WGO: It brings to mind the song of yours “I Quit My Job”, with the ideas of finding meaning in your own life and rejecting a treadmill existence.
OML: I think that’s probably a pretty good example, and I even quote Woody Guthrie in saying ‘take it easy, but take it’. It’s something that Woody Guthrie and Pete Seeger both used to say, but I guess just in some ways we just always want it to be easier for the other guy. We look to entertainment where we want to believe that it’s easy for someone else, and I guess I refute that. I’m just always trying to tell the truth about the difficulties of it all. I think we turn on the television, we listen to music because we–especially if you have aspirations of those things–we think, ‘oh, so-and-so makes it look easy’. But at the same time, I want to make it look easy while explaining how hard it is.
WGO: You mention Pete Seeger and Woody Guthrie–I’m reminded of the 1930’s radicals and folksingers of their tradition, and they’re talking about some pretty big ideas in their music. They had a sort of down-to-earth thing while talking about the rise of fascism, the struggles of Labour, racism, some fairly big, concrete challenges that their generation was facing. What are some of the challenges you think our generation faces, big or small?
OML: I don’t know that I’m really qualified to answer that. We’re really individualistic. I was always very antisocial; I always liked people a lot but was never one of the cool kids or picked first for teams. I was always a bit of a loser and I’ve felt like an outsider, so I have a hard time speaking for the group. It’s been interesting that in some ways, singing such individual songs about my own life has been a gateway to finding something that resonates with people.
So it seems to me from where I’m sitting, there are a lot of people who don’t feel like they’re part of the group, everybody feels like they’re kind of on the ‘outside’. Maybe that goes back to what you were thinking earlier about technology. Maybe there is isolation there that is leaving room for someone like myself who is playing a fairly anachronistic instrument at some level, really. And I mean, I don’t believe that, but I can see how one would; that people can find meaning and collectiveness there.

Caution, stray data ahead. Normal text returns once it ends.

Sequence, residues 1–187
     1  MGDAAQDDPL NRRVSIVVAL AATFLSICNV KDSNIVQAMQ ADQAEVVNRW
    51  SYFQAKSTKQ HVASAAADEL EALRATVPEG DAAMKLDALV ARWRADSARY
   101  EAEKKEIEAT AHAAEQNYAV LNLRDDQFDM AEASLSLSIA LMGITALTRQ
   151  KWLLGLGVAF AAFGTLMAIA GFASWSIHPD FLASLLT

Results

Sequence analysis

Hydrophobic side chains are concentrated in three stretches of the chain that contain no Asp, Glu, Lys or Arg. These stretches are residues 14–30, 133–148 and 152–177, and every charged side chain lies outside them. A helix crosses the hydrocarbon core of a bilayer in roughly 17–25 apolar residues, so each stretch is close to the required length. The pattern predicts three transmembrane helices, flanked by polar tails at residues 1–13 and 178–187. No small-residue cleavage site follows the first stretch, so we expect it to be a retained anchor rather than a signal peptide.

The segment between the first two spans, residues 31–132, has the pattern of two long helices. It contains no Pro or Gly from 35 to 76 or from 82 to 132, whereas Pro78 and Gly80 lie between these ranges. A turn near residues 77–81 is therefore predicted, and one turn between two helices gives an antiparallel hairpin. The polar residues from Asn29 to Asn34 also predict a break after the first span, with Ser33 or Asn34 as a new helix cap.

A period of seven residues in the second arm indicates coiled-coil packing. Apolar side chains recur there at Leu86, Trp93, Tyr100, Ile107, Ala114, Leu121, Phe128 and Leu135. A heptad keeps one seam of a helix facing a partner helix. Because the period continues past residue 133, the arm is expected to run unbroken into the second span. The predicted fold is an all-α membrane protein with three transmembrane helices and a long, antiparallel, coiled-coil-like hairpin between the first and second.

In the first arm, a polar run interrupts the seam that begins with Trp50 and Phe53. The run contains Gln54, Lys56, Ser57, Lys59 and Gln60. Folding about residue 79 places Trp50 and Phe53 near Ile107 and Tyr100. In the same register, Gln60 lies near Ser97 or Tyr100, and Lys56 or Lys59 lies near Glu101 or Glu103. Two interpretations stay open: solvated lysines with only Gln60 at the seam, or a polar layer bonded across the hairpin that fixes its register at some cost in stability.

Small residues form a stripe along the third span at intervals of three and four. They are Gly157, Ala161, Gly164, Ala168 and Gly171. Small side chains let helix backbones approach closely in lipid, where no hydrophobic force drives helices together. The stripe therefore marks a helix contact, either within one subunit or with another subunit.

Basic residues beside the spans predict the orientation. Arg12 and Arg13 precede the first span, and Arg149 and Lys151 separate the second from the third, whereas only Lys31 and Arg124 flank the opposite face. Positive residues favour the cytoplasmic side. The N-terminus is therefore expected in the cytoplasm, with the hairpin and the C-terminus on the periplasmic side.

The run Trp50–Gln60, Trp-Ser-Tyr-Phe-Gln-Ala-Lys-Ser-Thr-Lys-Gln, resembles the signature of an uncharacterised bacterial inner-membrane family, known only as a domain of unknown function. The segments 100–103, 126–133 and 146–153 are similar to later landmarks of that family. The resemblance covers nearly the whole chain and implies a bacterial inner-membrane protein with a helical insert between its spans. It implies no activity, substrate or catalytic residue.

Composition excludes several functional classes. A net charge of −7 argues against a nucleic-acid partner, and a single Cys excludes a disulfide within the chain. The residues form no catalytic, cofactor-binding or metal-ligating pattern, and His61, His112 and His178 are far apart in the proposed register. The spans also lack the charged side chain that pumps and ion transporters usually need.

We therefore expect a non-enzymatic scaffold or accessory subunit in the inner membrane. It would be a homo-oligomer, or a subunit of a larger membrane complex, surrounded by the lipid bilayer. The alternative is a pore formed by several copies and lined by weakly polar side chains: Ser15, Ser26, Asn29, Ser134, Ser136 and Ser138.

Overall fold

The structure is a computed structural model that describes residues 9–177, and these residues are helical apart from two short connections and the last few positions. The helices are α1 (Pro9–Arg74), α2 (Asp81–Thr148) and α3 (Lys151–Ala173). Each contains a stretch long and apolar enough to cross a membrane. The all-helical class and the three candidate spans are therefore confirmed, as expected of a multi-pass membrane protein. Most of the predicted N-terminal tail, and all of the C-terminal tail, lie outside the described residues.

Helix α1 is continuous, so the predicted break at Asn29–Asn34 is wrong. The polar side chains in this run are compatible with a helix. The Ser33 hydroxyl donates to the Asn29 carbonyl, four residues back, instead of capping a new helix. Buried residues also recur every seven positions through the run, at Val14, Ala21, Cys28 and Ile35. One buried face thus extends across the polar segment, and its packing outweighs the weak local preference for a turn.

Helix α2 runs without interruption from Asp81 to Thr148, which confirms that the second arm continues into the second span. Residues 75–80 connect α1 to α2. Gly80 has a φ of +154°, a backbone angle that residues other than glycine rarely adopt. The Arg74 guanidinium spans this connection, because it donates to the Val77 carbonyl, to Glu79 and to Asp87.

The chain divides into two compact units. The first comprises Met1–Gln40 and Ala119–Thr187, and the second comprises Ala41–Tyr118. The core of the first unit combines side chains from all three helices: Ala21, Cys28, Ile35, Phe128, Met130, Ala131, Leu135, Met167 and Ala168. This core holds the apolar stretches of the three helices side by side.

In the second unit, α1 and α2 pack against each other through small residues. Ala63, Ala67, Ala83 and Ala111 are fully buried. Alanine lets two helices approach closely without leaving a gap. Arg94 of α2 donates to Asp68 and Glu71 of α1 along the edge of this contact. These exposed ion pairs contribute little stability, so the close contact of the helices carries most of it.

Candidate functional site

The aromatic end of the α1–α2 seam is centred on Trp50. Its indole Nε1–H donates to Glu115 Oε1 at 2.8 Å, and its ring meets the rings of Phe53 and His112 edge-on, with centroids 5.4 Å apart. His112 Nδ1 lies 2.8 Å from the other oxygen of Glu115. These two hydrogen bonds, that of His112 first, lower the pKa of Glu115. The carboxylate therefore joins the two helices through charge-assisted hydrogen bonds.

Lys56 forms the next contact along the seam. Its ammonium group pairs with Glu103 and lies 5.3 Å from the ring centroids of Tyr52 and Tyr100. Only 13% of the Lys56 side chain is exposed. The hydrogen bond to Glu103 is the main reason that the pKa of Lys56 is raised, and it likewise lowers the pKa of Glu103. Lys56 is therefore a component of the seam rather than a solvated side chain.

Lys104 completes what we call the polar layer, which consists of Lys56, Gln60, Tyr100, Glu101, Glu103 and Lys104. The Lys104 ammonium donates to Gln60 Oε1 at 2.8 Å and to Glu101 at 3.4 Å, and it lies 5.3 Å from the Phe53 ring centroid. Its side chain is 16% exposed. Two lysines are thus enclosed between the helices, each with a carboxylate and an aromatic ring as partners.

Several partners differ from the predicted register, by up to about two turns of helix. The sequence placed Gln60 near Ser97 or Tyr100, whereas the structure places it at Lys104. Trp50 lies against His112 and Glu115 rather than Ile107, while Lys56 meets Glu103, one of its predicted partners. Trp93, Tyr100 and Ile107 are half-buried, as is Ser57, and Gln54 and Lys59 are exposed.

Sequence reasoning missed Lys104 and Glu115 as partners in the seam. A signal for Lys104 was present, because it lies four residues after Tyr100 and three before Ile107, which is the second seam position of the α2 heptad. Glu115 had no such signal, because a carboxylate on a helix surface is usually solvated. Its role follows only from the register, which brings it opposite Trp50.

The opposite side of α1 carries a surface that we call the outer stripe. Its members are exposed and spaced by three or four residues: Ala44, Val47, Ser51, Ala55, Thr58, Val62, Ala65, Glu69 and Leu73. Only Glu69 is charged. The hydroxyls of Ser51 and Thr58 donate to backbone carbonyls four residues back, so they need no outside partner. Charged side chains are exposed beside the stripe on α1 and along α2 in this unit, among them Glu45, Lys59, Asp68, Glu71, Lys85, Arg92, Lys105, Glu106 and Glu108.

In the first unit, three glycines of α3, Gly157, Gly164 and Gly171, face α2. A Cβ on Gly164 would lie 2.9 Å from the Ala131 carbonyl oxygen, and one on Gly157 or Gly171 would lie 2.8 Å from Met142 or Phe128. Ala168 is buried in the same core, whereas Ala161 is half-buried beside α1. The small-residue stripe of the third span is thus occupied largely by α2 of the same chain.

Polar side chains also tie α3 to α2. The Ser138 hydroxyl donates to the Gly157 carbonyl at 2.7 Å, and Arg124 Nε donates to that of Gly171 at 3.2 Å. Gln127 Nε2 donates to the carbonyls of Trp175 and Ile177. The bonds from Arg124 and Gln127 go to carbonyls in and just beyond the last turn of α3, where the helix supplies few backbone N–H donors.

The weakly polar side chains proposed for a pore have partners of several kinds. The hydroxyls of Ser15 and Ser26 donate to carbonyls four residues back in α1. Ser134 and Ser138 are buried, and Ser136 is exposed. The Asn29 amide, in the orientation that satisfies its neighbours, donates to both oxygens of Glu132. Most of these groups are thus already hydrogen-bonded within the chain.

In some ways, it seemed easier for [the 1930’s folksingers] to have those big ideologies. They must have had some horrible fights, and I don’t feel like there’s that same sort of thing [today]. I feel like ‘I Quit My Job’ is such a great song because so many jobs today that aren’t that great, you know? That maybe [people] will have a hard time finding the things that they love, that they want to do and pursue. Then there are of course the big problems that people have.
WGO: Even if you’re hesitant to speak for the “group”, that’s something I do hear a lot, that people are more individualistic, whether that’s good or bad. Maybe it does affect how we consider ourselves as part of the group and whether we consider ourselves as having common challenges.
OML: Yeah, my whole appreciation of the group has come from singing highly individualistic songs. I feel like I was put to it by being an outsider–I guess you probably choose to be an outsider, but I never felt that good about being an outsider. And you know, I still don’t feel like an insider. I do play a weird, ghettoized instrument. I’m not an American artist, not really a folk artist, I don’t spend all my time hanging out with singer songwriters, I’m not an indie artist. I think I just don’t quite know where I fit, and I’m happy that more and more people are okay with that.
WGO: What draws you to that particular instrument, the banjo?
OML: Well, the sound and the rhythm of it. I just find the sound of the banjo really moves something in me, that makes me really kind of crazy, that makes me really excited. There’s a frequency to it that’s great… I just find as a lyricist, [the banjo] kind of lends itself to a certain relationship with language and brevity. The notes are short, and it lends itself to saying what you mean and getting there quickly and moving on, not sort of singing a six-minute song about nothing that leaves people sort of wondering when they can get up and go to the bathroom. It’s good for short attention spans and in some way it’s the perfect modern instrument. Maybe it’s the most modern instrument there is! (laughs)
WGO: I never really thought about banjo in that way!
OML: Neither have I!…but it’s true, it fits my personal aesthetic because I like things that move you, things that make you tap your toe, make you want to sing along, and then maybe where I personally come in is that I like things that reflect a certain view of the world as I would like it to be.